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בס"ד

Judaism and Christianity

(Concluded from page 399.)

From what has been said, we may conclude that Christianity not the basis of morality. It is undoubtedly a great system, a great code, and so is Mohammedanism and Brahminism. There is, however, a radical difference  between the Christian and Mussulman school, which only proves one nation more civilized than the other. The Turk has his own conception of morality, the American has another. As nations emerge from barbarism, they form new laws and new governments; when they become better acquainted with the arts and sciences, they learn to abhor their past state, and to proceed gradually with the work of their own perfection. This is the sign whereby we recognise the decay of one system and the rise of another.

It is the way all nations have risen, it is the way all nations have fallen. Morality is then dependent on no particular faith; it is a principle ingrafted in man. Hence there is no necessity for acknowledging the miraculous doctrine of the trinity either to be good or to form a conception of order. Every being has his standard of morality; therefore it is that in our government freedom of worship is guarantied to all. The wisdom of this policy needs no comment. It is the sure guarantee of legitimate liberty. But wherever morality is or has been expounded by a sect, there madness and fury usurp the place of reason, and despotism reigns triumphantly. There fanaticism is authorized by the state; there you find inquisitors, auto da fés, and refined cruelty.

History abundantly proves all we have asserted. During the middle ages, the clergy, with pretended and perpetual miracles, kept the people in continual excitement. The worship of saints was actual and general. A present to the Virgin, a gift to some particular saint, or attention to the wants of the clergy, procured absolution and safety for the most atrocious criminals. In the twelfth century, this extravagant practice was clothed in all its sublimity.

An example given by Le Grand d’Aussy can be found in Hallam’s Middle Ages. He says, “There was a man whose occupation was highway robbery; but whenever he set out on any such expedition, he was careful <<448>>to address a prayer to the Virgin. Taken at last, he was sentenced to be hanged. While the cord was round his neck, he made his usual prayer, nor was it ineffectual.  The Virgin supported his feet ‘with her white hands,’ and thus kept him alive two days, to the no small surprise of the executioner, who attempted to complete his work with strokes of a sword. But the same invisible hand turned aside the weapon, and the executioner was compelled to release his victim, acknowledging the miracle. The thief retired into a monastery, which is always the termination of these deliverances.” We need not wonder that monasteries were rich in those days.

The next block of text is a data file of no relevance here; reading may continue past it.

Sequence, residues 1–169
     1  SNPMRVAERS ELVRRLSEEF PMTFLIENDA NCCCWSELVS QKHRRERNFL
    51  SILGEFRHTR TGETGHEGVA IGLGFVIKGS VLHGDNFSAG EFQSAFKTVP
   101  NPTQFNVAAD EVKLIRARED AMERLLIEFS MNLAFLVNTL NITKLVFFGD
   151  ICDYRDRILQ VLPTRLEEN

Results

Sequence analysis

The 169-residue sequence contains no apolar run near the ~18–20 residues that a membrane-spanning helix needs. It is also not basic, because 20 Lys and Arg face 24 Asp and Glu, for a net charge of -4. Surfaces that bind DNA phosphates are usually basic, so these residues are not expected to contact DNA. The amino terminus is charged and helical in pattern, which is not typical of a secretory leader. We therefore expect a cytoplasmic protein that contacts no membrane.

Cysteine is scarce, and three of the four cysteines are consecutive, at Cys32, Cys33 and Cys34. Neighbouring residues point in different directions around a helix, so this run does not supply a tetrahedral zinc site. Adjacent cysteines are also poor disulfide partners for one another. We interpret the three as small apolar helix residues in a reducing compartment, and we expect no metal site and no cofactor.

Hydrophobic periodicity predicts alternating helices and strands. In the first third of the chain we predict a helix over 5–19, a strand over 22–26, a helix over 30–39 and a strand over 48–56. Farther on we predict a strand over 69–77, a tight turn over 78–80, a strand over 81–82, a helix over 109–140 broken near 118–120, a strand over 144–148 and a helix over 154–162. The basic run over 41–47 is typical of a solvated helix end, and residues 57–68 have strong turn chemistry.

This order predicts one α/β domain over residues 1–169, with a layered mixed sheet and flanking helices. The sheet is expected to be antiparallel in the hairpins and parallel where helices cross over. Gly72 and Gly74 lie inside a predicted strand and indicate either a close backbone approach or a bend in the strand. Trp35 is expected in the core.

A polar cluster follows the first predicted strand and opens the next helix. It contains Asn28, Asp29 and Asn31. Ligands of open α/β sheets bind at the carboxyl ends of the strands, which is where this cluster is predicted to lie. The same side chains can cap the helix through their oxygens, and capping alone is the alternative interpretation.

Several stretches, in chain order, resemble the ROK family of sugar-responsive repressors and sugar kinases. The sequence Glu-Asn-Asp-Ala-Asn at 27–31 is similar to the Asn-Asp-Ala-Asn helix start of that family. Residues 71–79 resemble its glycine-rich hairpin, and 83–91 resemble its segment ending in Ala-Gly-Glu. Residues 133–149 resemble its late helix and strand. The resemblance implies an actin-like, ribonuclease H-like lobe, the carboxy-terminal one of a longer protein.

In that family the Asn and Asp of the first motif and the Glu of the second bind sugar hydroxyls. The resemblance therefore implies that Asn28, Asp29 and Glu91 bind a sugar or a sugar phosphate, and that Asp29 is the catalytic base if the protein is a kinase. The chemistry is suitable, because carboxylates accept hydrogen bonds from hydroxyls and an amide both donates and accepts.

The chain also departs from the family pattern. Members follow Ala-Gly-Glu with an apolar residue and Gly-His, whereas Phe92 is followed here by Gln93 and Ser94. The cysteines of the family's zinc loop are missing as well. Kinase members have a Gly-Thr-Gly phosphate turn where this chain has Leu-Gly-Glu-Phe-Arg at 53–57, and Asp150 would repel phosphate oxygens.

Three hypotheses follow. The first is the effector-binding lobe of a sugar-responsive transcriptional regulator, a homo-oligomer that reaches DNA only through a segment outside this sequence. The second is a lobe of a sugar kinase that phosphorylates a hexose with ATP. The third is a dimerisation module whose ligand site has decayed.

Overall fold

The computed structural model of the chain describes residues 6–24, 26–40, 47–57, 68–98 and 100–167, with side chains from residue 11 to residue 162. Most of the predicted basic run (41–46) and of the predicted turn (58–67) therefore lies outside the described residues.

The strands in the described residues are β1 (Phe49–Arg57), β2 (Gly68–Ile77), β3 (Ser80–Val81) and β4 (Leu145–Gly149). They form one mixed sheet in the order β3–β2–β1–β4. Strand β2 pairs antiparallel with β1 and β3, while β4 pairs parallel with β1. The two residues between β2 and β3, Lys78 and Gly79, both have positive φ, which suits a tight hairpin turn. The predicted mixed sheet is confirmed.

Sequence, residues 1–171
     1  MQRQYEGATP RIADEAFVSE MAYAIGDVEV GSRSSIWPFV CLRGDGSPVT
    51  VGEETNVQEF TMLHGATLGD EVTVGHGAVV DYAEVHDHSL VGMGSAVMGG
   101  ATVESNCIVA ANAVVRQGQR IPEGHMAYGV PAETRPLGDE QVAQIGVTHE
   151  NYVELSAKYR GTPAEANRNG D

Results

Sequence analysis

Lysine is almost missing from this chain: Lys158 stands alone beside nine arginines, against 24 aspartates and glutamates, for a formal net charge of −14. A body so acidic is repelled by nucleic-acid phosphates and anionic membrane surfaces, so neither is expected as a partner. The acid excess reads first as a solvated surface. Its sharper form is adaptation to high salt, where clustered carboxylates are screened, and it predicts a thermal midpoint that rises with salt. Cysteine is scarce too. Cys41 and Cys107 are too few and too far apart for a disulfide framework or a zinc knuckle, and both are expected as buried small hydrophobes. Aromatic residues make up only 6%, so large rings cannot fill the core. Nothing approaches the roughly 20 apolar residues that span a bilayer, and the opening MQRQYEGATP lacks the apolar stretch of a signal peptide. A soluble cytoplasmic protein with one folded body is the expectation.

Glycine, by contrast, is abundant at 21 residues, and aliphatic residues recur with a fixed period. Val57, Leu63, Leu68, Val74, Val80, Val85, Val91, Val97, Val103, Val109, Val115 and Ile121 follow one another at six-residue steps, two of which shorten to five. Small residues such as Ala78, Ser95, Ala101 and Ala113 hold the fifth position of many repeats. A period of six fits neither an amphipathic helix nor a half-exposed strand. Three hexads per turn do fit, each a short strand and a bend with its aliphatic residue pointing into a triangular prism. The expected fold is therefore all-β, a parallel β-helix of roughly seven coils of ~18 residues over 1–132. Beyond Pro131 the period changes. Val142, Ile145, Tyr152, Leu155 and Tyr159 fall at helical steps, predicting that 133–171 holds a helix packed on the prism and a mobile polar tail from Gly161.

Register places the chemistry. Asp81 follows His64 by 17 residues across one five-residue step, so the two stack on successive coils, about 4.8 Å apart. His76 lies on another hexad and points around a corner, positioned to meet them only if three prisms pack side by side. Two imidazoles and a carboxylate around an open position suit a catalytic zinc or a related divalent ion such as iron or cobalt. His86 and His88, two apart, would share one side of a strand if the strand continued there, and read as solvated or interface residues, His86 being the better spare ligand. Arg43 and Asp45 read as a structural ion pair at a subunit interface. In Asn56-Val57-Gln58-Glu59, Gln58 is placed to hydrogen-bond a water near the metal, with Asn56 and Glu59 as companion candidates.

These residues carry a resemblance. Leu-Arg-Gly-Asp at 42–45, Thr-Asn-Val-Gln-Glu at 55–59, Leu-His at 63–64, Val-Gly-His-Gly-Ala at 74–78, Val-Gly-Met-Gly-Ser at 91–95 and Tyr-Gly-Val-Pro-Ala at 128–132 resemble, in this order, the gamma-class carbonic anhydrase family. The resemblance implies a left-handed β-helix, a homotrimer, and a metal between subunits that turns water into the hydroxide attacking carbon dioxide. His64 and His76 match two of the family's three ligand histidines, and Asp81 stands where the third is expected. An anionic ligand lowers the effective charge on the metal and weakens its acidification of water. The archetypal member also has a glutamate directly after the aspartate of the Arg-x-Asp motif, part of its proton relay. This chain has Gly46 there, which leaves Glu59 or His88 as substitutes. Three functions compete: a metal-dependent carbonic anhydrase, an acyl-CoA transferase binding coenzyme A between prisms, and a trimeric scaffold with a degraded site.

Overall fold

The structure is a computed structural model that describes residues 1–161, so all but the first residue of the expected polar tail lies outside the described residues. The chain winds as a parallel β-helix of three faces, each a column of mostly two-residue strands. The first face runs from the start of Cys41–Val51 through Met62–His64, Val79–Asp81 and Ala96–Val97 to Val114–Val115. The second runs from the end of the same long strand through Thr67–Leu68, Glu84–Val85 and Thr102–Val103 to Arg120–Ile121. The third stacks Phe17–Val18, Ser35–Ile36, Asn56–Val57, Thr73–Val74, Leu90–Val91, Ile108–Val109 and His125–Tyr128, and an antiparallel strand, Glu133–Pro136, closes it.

We mean to assert nothing against the Roman church. It is no less true, however, that while Christian sovereigns persecuted the Jews, the Popes cried out, “Well done, thou good and faithful servant,” and at the same time protected them from their cruelty. In 1010, Alexander II. protected the Jews in Spain against Ferdinand I. In 1492, Alexander VI. received 15,000 Jews at Rome whom Ferdinand V. had driven out of Spain. In 1348 and 1349, Pope Clement VI. saved the Jews from persecution. Innocent XII loaned the Jews 100,000 scudi at three per cent to help them to pay their debts. Alexander III. and John XX. both tolerated the Jews. But at the epoch which forms the subject of our present comment, the vices of the monks and clergy greatly transcended their virtues. He was termed the best Christian who gave the church the most candles, and the monks the most money. We will not advert to the licentiousness of this period. The Jews became the victims of the clergy, who fortified their strength by the murder of a countless multitude. This was the end of their fanaticism, this the result of their morality.

As early as the sixth century we have evidence that the Israelites were a commercial people. Having become opulent by means of their industry and the exceeding high value of money, which commanded an interest of twelve and even twenty per cent., their opulence excited jealousy. St. Louis, for the good of his fellow-creatures, and we suppose somewhat for his own good, released all Christians of a third part of what was due by them to Jews. Charles VI., with a nicer conception of morality than his illustrious predecessors, banished them from his kingdom and seized their property. It is remarkable that out of this <<449>>persecution and expulsion grew the necessity of bills of exchange. Thus the Jews, while they suffered exile, benefited the commercial world. We cannot avoid the conclusion that civil order is most safely regulated wherever men are in possession of freedom, and left to develop their own system of morality.

The various Christian denominations, though they pretend to be directed by one guide, compose many distinct factions. These differ in opinions, habits, and thoughts. And they are as much devoted to fanaticism as in days of yore; for wherever we find different sects, we also find them engaged in a violent struggle with each other. True, their mode of warfare bears the impress of civilization. Yet the fact is evident that little good-will exists between the Protestant and Catholic, &c. Nor do their differences decrease; but on the contrary, as new sects grow up, more fuel is supplied to the flame, and intestine war blazes forth with increased vigour. The Christians will never abandon mutual hostilities; and though it is not their policy to destroy one another, yet they sustain a loss daily in consequence of their own division. Their final destiny is concealed in the recesses of time.